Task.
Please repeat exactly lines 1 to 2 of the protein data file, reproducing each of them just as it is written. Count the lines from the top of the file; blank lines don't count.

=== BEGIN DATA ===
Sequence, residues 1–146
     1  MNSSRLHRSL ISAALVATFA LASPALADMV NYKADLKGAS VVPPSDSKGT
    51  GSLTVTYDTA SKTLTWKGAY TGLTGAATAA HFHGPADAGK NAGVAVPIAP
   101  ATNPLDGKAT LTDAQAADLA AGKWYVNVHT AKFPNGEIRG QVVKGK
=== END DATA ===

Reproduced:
Sequence, residues 1–146
     1  MNSSRLHRSL ISAALVATFA LASPALADMV NYKADLKGAS VVPPSDSKGT